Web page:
Today we celebrate our hard work as an employment support provider, helping people to enter and progress in employment. Employability Day is a day for all of us in the sector to shout about our successes and drive understanding about the work of employment support organisations across key stakeholders at a local, regional and national level.
This year’s Employability Day theme is #WeFillVacancies.
Our recent achievements
This year we celebrated another successful year, supporting even more people in prison and the community to progress into sustainable work. Here are some of our highlights.
Restart Jobs Fair 2022
Earlier this week, we held a Jobs and Careers Fair at The Turner Contemporary in Margate. It was a great success, attended by over 100 participants. Annie Gale, Head of Raw Talent and Apprenticeships at Cook Trading Ltd, launched the fair and we welcomed many employers and partners including Umbrella Training, Avondale Care, The Home Office, Blue Tech Consulting, HR-GO, Sands Heritage and East Kent College. In the afternoon we enjoyed a great networking session with our partners and employers. Thanks to everyone who came along.
The work must continue to tackle in-work poverty
After the pandemic, the Employment Support sector along with employers and its partners did exceptionally well to support people back into work. The official UK unemployment rate is 3.8% (February-April 2022), 0.2 percentage points lower than the previous three month period, putting the official employment rate up to 75.6%.
Challenges remain, with the employment rate still below pre-pandemic levels and short-term unemployment rising, particularly for 18–24-year-olds. The economic inactivity figure is still 447,000, higher than before the pandemic, especially amongst older people, the long-term sick, and disabled members of society.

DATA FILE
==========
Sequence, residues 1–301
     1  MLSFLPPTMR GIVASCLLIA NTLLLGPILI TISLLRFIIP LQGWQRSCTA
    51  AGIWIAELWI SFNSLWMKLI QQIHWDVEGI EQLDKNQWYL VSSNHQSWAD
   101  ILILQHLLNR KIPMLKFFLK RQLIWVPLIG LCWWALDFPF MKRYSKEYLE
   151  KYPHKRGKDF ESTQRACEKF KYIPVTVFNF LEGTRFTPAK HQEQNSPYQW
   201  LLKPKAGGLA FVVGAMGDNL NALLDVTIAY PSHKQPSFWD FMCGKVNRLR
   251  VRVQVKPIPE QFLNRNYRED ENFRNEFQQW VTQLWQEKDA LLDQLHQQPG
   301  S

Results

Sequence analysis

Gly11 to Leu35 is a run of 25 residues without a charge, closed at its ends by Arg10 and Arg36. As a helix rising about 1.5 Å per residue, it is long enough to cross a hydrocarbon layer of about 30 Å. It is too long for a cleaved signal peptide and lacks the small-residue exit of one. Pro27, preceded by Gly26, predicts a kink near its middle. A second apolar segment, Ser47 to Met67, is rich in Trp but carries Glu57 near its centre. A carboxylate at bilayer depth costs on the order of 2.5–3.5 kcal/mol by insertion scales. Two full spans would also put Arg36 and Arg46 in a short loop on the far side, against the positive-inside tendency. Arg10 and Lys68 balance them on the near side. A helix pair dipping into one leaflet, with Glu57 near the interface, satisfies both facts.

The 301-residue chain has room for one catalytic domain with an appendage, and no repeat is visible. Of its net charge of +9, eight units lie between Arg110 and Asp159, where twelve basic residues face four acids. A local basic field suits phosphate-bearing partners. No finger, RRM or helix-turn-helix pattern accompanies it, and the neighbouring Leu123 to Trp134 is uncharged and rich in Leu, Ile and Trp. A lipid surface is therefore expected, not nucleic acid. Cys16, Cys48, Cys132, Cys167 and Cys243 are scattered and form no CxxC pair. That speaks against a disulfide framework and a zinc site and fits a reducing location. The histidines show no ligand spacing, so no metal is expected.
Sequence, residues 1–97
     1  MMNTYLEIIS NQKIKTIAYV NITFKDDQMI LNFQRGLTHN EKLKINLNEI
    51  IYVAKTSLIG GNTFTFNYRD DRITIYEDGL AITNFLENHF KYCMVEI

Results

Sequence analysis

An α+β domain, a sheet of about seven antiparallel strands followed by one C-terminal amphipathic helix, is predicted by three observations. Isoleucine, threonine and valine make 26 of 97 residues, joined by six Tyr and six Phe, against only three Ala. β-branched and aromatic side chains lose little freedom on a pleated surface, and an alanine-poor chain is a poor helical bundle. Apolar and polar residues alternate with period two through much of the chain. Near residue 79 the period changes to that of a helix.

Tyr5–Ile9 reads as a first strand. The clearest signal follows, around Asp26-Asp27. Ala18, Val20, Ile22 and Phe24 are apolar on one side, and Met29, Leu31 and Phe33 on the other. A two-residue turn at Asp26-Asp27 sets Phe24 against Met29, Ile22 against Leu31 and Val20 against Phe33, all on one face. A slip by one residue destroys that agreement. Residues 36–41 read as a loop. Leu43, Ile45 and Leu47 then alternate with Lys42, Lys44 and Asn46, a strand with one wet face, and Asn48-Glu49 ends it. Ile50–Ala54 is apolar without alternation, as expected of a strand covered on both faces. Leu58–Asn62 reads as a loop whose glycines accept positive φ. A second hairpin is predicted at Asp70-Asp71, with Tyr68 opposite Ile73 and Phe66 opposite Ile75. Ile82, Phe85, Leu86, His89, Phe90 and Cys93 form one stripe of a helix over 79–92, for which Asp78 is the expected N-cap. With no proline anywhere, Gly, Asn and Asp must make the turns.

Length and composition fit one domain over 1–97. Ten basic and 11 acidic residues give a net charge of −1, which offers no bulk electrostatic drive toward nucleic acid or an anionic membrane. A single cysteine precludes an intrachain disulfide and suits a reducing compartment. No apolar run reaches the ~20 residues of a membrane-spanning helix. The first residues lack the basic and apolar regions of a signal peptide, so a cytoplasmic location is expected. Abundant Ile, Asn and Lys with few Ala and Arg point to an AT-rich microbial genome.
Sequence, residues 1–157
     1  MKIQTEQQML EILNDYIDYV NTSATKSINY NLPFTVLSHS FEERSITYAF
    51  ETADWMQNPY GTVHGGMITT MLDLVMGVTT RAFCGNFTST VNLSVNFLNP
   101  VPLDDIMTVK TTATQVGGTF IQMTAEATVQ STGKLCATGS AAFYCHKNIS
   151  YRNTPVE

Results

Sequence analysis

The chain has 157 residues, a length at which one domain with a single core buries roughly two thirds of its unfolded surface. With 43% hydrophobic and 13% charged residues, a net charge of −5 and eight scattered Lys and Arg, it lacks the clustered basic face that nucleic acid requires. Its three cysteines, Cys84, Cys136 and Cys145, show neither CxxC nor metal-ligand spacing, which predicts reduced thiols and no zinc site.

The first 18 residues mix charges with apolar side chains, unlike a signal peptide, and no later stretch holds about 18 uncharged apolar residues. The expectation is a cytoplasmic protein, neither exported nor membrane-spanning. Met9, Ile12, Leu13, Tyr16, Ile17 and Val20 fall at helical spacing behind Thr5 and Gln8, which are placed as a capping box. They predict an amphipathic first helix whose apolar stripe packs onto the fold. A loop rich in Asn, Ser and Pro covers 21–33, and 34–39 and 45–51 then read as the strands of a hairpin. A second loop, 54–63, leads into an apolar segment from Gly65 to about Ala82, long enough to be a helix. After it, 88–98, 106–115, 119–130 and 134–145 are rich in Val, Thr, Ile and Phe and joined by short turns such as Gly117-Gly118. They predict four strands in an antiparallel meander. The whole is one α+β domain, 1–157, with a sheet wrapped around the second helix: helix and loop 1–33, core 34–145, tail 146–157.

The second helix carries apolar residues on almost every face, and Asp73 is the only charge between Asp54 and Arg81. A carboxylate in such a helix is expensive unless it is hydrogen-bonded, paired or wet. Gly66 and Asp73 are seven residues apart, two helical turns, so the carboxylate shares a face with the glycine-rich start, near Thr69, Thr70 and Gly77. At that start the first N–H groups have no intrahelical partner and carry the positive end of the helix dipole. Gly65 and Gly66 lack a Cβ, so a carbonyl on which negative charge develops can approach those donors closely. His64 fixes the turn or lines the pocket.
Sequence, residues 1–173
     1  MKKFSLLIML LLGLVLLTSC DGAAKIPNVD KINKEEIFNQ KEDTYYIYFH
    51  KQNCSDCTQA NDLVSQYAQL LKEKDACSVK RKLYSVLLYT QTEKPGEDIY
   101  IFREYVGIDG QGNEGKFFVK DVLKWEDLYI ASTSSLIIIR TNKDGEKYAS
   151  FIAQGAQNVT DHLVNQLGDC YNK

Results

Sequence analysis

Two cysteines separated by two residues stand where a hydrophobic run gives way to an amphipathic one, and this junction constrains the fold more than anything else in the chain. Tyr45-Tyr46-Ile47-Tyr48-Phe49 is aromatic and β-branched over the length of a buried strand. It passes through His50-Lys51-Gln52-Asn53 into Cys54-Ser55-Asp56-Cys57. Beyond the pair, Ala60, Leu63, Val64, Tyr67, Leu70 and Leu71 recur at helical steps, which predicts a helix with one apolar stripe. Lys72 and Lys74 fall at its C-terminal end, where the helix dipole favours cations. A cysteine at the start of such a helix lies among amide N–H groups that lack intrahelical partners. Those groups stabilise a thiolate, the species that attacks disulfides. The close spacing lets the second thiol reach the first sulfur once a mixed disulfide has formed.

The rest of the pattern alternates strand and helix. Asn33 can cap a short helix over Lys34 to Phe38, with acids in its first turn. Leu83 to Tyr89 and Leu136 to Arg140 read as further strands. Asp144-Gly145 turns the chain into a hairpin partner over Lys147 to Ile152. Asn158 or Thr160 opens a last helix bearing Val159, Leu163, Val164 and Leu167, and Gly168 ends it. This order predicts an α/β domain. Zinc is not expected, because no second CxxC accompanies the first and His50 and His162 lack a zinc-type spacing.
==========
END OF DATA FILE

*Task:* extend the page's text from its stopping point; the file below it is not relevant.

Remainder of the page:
The cost of living crisis is hitting hard with real regular wages falling more sharply over the past few months. According to the Learning and Work Institute, ‘regular pay in real terms fell by 3.4%’, the largest single month fall this century.
In work poverty has continued to rise, particularly for low paid workers who are disproportionately likely to have less secure contracts e.g. zero hours or agency work. The Joseph Rowntree Foundation (JRF) found that 57% of zero hour contract workers were in the bottom fifth of earners and they had higher rates of in work poverty.
The JRF in their Making Job Work report stated:“Insecure work is particularly damaging to families living on low incomes. Lack of notice of shifts or hours, for example, makes it difficult for people to plan for family life or their finances. It contributes to the feeling, of being treated not as a human being, but instead as just a number, or a cog in a machine.”
The Forward Trust approach
As an employer, we pay our staff the Real Living Wage and strive to offer better employment contracts. As an employability and skills provider, we work with other employers who do the same and support the Good Work Standard. Employment support providers must work with employers to improve job quality and security. This will play a role in building a more productive and more inclusive economy, as well as contribute to the ‘levelling up’ agenda.
Employers should also support the development of their staff, including new entrants from disadvantaged backgrounds, by utilising the apprenticeship levy and programmes such as the Adult Education Budget (AEB) and Skills Bootcamps.
Read the full blog post here.
DDN magazine is a free publication self-funded through advertising.
We are proud to work in partnership with many of the leading charities and treatment providers in the sector.
This content was created by The Forward Trust